In November 2020, Busan IPark chairman Chung Mong-kyu responded to the disappointment of relegation with the appointment of Ricardo Peres, Busan's first foreign head coach since 2007, and the only foreign manager currently plying his trade in the K League. The Portuguese coach has had a promising start to his time at the club, leading his side into contention for a playoff spot in an extremely competitive K League 2.
The Portuguese manager sat down with K League United columnists Lee Dowon and Todd Wilde to talk about his first few months at the club, and begun the interview by expressing his happiness at settling into life in Korea's second city.
"For my family living in Busan, it's like we are feeling at home, we have fallen in love with the city, since there are many places here that are similar to Portugal. My children are very happy. They are at an excellent school, their friends often come to our place, and [from them] we learn more about the Korean culture. Peres also was appreciative of the Korean football community's support. "I appreciate how my colleagues, and the other Korean coaches, have welcomed me to Korea. I feel very happy here".
Peres was approached directly for the role by IPark and KFA President Chung Mong-kyu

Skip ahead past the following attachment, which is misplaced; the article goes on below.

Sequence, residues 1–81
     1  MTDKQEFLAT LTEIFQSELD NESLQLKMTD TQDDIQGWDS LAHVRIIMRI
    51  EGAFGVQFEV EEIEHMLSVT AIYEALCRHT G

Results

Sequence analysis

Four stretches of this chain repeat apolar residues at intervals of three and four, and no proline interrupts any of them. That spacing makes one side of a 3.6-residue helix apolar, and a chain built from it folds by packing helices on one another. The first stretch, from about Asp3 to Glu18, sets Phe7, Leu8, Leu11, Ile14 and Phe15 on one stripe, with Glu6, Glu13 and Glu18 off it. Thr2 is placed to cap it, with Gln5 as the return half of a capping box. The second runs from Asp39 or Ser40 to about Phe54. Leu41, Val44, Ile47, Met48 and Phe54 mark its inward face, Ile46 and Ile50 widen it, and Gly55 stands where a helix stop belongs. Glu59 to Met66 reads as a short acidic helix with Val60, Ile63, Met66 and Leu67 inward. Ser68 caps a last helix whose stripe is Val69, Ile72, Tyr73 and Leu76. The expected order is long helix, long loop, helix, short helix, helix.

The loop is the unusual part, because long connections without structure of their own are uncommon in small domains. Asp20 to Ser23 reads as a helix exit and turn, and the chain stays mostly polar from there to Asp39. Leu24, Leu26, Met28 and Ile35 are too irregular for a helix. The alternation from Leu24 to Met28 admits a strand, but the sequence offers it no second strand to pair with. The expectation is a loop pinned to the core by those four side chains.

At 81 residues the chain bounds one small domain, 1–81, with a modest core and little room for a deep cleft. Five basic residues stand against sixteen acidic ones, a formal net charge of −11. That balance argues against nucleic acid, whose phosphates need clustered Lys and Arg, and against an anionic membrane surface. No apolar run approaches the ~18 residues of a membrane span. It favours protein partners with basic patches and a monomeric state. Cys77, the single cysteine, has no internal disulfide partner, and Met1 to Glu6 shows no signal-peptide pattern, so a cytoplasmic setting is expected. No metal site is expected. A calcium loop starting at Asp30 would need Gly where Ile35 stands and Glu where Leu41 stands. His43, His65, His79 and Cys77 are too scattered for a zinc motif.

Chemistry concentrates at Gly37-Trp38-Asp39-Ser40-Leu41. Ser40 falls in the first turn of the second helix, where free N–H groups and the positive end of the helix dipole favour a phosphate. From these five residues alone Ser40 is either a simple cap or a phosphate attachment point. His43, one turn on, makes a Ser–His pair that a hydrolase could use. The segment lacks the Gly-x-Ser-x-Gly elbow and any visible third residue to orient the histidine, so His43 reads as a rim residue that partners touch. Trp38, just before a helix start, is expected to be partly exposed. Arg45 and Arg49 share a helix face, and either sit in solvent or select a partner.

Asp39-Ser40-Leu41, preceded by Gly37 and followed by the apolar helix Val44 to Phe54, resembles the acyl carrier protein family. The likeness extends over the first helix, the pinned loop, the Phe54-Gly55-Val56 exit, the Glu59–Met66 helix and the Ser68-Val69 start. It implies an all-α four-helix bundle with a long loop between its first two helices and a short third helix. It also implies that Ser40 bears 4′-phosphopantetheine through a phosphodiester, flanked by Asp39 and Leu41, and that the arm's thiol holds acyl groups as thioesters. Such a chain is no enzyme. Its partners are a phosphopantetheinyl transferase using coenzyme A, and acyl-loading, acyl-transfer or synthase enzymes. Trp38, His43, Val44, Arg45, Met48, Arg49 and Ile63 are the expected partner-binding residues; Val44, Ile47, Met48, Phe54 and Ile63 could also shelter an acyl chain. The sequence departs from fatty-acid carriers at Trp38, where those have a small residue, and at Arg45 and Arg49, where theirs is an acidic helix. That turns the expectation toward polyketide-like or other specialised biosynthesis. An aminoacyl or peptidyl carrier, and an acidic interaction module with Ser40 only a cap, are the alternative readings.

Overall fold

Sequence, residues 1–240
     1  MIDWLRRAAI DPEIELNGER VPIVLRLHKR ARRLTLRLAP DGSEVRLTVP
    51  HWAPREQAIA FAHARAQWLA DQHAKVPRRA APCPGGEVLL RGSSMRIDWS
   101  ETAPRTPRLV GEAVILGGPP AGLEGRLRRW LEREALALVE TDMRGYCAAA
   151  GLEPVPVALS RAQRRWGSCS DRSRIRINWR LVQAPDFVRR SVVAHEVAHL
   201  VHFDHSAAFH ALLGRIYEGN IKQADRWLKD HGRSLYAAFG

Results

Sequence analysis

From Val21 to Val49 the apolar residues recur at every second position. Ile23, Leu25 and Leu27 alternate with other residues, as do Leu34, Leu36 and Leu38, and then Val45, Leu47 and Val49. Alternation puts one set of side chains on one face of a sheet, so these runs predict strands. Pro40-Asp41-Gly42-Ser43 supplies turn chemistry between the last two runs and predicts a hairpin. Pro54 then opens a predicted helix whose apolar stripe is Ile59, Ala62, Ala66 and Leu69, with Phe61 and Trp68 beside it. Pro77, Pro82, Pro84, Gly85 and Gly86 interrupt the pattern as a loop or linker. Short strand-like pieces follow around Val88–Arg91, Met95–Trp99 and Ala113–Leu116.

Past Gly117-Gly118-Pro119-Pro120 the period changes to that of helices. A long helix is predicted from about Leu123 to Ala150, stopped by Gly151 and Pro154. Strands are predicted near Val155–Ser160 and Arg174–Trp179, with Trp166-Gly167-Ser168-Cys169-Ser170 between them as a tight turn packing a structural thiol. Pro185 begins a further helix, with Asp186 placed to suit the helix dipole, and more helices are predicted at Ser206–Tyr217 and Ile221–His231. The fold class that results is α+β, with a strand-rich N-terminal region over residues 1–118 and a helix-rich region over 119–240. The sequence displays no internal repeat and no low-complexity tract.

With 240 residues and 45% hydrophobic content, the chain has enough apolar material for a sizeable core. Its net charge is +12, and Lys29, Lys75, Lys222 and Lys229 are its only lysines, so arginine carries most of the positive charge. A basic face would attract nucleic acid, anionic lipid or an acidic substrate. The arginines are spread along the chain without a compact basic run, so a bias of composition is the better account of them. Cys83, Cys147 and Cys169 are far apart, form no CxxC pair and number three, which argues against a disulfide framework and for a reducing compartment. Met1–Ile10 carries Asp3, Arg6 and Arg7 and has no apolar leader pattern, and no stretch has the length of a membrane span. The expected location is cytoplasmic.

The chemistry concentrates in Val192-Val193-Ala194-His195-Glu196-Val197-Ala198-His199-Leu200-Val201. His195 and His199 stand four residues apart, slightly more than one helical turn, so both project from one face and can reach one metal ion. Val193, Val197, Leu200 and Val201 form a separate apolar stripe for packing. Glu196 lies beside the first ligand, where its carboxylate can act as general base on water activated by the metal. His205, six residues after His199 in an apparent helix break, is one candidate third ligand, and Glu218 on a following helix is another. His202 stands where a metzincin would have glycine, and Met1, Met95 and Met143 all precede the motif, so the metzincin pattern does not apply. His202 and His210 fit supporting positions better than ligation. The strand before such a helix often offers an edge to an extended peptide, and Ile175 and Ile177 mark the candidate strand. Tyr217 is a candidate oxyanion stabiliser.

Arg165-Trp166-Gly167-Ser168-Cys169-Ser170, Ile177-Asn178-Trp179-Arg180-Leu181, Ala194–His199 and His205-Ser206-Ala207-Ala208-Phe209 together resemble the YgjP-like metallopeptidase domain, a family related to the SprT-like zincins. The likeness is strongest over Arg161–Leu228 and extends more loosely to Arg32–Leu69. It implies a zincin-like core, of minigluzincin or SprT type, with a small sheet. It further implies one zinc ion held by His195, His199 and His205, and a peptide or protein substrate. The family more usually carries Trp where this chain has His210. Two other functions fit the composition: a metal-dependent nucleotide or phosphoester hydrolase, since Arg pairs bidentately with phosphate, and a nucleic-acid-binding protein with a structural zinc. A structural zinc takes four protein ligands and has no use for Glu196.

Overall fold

, who was looking a coach that could replicate the philosophy, professionalism and training methods being utilised within the National Team set up (led by Paulo Bento, who Peres served as assistant at Greek giants Olympiakos). Peres tells KLU how "we talked for 45 minutes about my ideas and proposals. He said I will call you in two weeks if you are interested... Two days after, he called me, and it was very easy for me to come here. I heard many good things about Korea before coming here, so I didn't hesitate when offered the job".
A major attraction of this project for Peres was the opportunity for a 'fresh start', as an IPark side reeling from relegation and the loss of several star players searched for a new identity. Peres has implemented an attractive, passing style of football that is somewhat unique to K League 2, as Busan have become renowned for free flowing, attacking football, however it is his extensive use of young talent that has grasped many supporters' attention.
One key pillar of Peres' philosophy is the development of young players, with the likes of Park Ho-young, Choi Jun and Lee Ji-seung breaking into the first team this season. It is clear that the Portuguese coach takes great satisfaction from seeing his young charges learn from their more experienced teammates, as they develop experience and confidence. "It is rewarding when you start to see a team play in a consistent way, and you see your under 18 right back play like a mature player, alongside an experienced player that leads him according to the philosophy. Here you see the sacrifice of players for others on the pitch".